Undergraduate

UCL-IoE merger

UCL and the Institute of Education merged on December 2, 2014. Learn about the study options available to you.

Contacts

Admissions Officer

Mr Joe Tilley

Email: selcs.admissions@ucl.ac.uk

Tel: +44 (0)20 7679 3096

Key Facts

Research Assessment Exercise

Interdisciplinary programme: see contributing departments
(What is the RAE?)

French and an Asian or African Language BA

UCAS code: RT19

The French components of this four-year programme are taught and taken at UCL, and the Asian or African language components at the School of Oriental and African Studies (SOAS), our near neighbour. There is strong emphasis on spoken and written language work and the opportunity to undertake interdisciplinary study.

Entry requirements

A Levels

Grades AAA
Subjects French required.
AS Levels For UK-based students a pass in a further subject at AS level or equivalent is required.
GCSEs English Language at grade B, plus Mathematics at grade C. For UK-based students, a grade C or equivalent in a foreign language (other than Ancient Greek, Biblical Hebrew or Latin) is required. UCL provides opportunities to meet the foreign language requirement following enrolment, further details at: www.ucl.ac.uk/ug-reqs

IB Diploma

Points 38
Subjects A total of 18 points in three higher level subjects including French grade 6, with no score lower than 5.

Other qualifications

For entry requirements with other UK qualifications accepted by UCL, choose your qualification from the list below:

Selected entry requirements will appear here


International applicants

International qualifications

In addition to A level and International Baccalaureate, UCL considers a wide range of international qualifications for entry to its undergraduate degree programmes.

Select country above, equivalent grades appear here.


Undergraduate Preparatory Certificates

UCL offers intensive one-year foundation courses to prepare international students for a variety of degree programmes at UCL.

The Undergraduate Preparatory Certificates (UPCs) are for international students of high academic potential who are aiming to gain access to undergraduate degree programmes at UCL and other top UK universities.

For more information see our website: www.ucl.ac.uk/upc

English language requirements

If English is not your first language you will also need to satisfy UCL's English Language Requirements. A variety of English language programmes are offered at the UCL Centre for Languages & International Education.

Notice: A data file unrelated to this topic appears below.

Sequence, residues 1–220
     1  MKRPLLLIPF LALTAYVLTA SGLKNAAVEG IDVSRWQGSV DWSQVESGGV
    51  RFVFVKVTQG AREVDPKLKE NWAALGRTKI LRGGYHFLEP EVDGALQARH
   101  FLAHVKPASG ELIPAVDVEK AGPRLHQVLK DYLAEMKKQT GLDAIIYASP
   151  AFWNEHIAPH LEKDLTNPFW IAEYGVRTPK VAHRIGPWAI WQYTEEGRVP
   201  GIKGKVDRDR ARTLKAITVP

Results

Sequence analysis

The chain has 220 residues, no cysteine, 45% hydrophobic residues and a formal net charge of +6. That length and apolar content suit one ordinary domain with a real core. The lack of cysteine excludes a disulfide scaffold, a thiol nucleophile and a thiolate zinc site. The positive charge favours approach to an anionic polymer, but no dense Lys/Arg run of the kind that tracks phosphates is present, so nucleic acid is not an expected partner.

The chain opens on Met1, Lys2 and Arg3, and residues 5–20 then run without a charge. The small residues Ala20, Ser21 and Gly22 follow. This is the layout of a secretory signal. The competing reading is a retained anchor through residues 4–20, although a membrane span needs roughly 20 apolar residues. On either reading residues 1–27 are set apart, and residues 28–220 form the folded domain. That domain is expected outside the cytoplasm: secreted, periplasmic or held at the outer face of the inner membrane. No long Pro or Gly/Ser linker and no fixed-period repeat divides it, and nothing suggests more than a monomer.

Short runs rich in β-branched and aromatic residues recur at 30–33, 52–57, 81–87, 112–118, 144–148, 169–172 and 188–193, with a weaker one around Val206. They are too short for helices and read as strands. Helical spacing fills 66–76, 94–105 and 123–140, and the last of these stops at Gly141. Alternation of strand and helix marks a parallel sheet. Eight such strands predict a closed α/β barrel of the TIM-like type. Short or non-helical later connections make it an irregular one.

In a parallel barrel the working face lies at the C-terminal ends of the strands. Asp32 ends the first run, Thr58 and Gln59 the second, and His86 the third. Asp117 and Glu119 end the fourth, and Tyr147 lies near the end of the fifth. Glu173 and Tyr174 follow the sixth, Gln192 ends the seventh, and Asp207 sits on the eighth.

Degree benefits

  • A strong focus on spoken and written language work. Oral presentations, comprehension work and translation exercises will be a feature of your learning. Native speakers of French form an integral part of our teaching team.
  • Emphasis on film and literature studies, with resources including a notable French section in the UCL Library. We offer courses covering all periods of French and francophone literature and thought.
  • You will have access to the facilities of the UCL Centre for Languages & International Education. The French Society organises cultural and social events, for example, theatre visits, drama productions and trips to France.

The structure of the programme allows you to study core courses in French language (written and oral), literature, culture, history, politics and society. You will have some flexibility throughout your degree to focus on areas you find particularly interesting, and these opportunities increase as you progress.

You may also take School of European Languages, Culture and Society (ELCS) courses, which allow you to study literature, film, art and culture from outside your subject area(s), focusing on broad cultural movements, issues and approaches from an interdisciplinary perspective and drawing on the full range of specialisms within the school.

The other half will be taught by the School of Oriental and African Studies.

You will spend half of your third year in France or a French-speaking part of the world (for example, Switzerland, Quebec or Martinique). You can choose whether to spend the term as a language assistant in a French school, as a student at a French-speaking university, or to undertake a work placement abroad.

You will spend the other half of the year in a country where the other language studied is spoken.

Your learning

Throughout the degree your teaching will be conducted mainly through small seminar groups, together with some lectures. Seminars are characterised by a 'hands-on' textual and analytical approach, whereas lectures are used for discussing general intellectual contexts.

Assessment

Most courses are examined either by end-of-year examination papers or by assessed essay work completed during the year. You will also undertake oral examinations in French.